Positive Discipline for Adopted ChildrenThree Part Series on Positive Discipline for Adopted Children

Part 1

By Stephanie Williams, MA, LSW

Positive discipline in the adoption world focuses on the development of trust, felt-safety and connection. This occurs by nurturing through relationship, meeting children’s needs and providing a consistent stable environment. This three part series will give an overview of positive discipline basics that will assist parents with getting the best from their children.

Organic Needs

The first and often overlooked component of discipline is to proactively minimize the need for correction by taking care of a child’s organic needs. Organic needs include simple yet important aspects, such as hydration and nutrition. Children should have water and a snack every two hours to support blood sugar, to help them stay regulated and to keep their brains calm. A dysregulated child, one who is acting out, throwing tantrums and whose crying seems extreme or out of place, may simply be thirsty or hungry. Research has found that dehydration and low blood sugar impact learning, memory, attention and behavior.

To keep brains working at an optimal level, children need regular hydration and food. By the time children (and adults) realize they are thirsty, they already have a 10% decrease in cognitive ability. Behavior declines as well. Children may not realize the importance of water, so parents should model good hydration and encourage their children to drink water. They can do so by drinking a glass of water before coffee and always having a water bottle on hand. A fun way to get children involved is letting children choose a special water cup at the store or making water more appealing by flavoring it with fruit or packets of True Lemon or other sugar free powders.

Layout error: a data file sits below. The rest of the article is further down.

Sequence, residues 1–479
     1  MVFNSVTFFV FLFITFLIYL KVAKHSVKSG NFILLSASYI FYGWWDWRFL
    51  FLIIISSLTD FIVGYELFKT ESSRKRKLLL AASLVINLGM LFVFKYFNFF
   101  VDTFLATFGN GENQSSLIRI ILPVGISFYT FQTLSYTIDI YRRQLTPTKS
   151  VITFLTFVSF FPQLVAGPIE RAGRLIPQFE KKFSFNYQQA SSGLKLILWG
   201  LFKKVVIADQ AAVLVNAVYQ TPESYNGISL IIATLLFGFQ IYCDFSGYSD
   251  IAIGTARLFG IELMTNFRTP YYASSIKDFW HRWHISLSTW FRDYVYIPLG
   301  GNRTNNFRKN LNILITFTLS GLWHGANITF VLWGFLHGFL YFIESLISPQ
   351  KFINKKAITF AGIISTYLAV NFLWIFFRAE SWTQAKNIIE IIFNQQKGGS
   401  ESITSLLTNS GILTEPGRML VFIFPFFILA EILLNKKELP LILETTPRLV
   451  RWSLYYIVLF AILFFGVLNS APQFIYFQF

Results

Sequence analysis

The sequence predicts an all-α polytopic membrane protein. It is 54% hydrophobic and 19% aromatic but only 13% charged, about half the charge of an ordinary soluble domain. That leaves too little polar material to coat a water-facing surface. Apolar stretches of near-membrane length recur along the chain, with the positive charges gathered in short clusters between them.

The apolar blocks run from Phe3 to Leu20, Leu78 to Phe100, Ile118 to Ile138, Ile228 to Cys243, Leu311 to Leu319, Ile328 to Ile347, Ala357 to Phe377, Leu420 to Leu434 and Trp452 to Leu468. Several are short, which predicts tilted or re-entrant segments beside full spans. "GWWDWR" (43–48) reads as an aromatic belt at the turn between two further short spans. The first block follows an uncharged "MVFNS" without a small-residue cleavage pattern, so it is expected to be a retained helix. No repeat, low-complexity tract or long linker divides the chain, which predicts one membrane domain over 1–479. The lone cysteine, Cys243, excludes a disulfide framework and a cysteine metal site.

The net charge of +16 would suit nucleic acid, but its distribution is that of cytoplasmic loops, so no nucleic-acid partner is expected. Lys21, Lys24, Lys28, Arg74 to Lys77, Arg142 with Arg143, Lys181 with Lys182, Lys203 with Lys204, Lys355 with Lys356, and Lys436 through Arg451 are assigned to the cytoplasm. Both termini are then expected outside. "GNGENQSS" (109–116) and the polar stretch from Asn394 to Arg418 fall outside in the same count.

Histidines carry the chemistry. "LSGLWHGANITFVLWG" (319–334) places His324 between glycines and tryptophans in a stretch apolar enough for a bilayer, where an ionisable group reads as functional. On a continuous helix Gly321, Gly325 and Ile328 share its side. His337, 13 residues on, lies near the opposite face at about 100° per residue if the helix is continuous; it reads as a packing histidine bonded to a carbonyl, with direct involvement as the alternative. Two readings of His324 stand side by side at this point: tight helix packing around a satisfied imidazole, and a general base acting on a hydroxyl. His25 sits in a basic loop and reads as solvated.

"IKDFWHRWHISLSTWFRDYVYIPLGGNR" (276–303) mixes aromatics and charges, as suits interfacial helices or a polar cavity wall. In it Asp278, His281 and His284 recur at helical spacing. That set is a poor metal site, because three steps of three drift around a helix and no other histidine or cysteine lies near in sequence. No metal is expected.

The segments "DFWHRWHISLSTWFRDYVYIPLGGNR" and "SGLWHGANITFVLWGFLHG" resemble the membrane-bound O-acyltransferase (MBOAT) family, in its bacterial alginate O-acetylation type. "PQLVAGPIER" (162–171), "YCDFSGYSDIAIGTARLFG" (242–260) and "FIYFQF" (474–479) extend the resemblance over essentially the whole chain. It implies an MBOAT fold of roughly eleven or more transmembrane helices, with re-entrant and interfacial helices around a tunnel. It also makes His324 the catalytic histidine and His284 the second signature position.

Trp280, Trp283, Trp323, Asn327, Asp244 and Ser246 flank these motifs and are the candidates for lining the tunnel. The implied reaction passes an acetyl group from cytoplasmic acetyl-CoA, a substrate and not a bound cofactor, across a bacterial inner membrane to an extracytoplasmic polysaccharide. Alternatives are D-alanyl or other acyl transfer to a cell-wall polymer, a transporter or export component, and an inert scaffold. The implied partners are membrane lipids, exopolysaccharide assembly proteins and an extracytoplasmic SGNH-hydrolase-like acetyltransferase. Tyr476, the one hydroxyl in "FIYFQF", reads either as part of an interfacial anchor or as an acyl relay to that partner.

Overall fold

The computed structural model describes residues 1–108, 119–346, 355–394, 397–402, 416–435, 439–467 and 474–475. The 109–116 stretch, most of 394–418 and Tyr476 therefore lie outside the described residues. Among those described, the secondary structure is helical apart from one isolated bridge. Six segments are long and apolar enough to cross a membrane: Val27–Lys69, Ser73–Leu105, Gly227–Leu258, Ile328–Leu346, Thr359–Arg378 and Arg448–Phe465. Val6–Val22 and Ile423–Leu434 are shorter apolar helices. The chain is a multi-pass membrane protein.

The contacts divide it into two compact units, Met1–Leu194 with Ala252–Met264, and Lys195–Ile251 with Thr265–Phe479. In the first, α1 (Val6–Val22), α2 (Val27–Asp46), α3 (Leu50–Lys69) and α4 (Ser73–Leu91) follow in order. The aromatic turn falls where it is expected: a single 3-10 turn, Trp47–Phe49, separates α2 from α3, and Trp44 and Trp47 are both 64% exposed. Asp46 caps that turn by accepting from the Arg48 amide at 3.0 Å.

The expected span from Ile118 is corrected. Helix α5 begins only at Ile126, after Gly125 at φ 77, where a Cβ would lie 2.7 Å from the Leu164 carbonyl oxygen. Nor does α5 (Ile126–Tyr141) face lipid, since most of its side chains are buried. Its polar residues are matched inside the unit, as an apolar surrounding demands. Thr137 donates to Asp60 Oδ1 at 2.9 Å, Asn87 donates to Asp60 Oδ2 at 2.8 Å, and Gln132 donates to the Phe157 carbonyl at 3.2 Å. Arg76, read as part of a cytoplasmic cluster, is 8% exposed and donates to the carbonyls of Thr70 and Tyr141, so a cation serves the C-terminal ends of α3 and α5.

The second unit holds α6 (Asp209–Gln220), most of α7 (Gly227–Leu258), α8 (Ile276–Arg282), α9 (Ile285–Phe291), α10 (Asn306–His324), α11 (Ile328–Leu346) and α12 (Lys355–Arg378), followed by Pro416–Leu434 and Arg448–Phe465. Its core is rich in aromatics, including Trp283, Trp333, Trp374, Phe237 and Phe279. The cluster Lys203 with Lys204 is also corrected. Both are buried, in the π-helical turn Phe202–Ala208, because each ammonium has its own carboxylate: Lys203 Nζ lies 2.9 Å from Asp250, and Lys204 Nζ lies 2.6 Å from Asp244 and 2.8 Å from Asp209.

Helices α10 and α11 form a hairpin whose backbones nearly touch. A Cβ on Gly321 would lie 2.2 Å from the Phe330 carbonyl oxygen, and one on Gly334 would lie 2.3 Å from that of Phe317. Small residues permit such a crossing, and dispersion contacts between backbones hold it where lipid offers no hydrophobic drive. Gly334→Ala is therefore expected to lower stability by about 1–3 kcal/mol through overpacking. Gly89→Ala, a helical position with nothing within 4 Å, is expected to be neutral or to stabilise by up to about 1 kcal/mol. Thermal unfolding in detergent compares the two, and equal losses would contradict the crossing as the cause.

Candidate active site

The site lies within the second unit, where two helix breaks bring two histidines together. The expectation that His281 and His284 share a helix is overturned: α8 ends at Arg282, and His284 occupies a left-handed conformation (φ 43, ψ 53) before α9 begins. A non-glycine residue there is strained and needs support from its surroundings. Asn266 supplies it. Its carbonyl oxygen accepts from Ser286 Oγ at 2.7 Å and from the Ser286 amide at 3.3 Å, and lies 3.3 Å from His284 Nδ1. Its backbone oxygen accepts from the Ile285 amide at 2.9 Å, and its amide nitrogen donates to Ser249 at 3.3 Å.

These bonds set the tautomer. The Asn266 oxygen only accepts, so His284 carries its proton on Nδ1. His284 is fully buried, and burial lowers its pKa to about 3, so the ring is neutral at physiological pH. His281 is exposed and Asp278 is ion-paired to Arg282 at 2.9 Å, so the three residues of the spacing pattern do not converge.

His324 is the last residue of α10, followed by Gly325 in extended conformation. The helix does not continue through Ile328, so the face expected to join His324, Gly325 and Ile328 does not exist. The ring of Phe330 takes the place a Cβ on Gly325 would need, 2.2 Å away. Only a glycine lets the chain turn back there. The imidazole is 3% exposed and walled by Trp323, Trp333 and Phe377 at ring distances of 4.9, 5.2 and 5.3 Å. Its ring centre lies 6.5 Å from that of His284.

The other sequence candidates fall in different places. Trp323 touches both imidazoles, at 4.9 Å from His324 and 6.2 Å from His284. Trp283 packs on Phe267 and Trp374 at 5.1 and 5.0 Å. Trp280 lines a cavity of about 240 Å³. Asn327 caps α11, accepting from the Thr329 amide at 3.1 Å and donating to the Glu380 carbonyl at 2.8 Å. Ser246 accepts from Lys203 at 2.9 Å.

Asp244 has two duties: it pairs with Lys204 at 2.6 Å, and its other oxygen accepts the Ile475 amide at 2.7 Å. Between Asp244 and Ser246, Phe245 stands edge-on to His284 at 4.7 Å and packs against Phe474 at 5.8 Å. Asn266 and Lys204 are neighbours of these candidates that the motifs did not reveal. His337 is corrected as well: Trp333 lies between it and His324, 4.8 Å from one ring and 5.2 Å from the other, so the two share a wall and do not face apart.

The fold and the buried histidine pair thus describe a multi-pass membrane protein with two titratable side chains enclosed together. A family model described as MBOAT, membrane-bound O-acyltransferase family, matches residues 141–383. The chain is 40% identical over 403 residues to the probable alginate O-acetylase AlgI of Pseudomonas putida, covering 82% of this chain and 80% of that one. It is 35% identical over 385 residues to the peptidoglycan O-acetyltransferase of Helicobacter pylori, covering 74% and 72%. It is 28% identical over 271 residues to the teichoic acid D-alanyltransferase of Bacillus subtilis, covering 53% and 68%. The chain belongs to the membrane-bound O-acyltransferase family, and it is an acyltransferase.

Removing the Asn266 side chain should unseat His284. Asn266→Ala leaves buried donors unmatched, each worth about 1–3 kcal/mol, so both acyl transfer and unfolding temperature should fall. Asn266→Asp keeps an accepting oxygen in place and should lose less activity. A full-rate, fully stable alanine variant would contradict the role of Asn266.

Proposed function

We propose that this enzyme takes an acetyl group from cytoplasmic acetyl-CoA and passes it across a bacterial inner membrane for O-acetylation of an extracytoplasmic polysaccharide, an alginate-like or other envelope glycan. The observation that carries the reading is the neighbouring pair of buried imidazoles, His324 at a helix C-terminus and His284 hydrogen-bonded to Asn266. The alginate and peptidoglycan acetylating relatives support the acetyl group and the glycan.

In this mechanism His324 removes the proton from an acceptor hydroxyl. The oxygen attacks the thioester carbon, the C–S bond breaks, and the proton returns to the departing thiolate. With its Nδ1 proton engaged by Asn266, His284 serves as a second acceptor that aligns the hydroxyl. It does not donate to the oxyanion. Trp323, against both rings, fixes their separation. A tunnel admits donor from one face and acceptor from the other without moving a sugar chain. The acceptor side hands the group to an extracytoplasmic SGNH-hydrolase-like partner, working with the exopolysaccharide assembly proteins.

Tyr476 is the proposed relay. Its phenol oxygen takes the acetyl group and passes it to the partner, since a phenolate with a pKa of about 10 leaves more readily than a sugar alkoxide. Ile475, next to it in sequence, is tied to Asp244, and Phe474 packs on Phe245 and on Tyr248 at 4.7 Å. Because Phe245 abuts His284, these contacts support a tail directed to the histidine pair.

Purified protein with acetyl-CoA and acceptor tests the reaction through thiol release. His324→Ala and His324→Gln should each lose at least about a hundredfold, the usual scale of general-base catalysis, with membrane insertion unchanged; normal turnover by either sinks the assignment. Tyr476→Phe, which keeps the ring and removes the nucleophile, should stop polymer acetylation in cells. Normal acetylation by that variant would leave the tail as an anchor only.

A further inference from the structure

Snacks every two hours help maintain optimal blood glucose levels throughout the day and keep the brain operating most efficiently so that children (and adults) can engage on greater levels. Foods that are lower on the glycemic index, such as cheese sticks, apples, pretzels and veggies, help keep blood glucose levels stable and are good snacks to give children throughout the day. It is also smart to have a basket of non-perishable foods such as packaged nuts, fruit or crackers available to children so that they know they always have access to food. Snacks should be taken along for outings.

All children have these needs, but they do not all know how to vocalize them. When parents are proactive in meeting these basic organic needs, they set their children up for success and reduce negative behaviors. We all want to reduce the number of times we correct our child and to focus more on connecting and relationship building. We know that children with trauma already have greater difficulty regulating their brain and behavior, so these are simple yet important ways to meet their needs, develop trust and reduce anxiety through providing an environment of security and felt safety.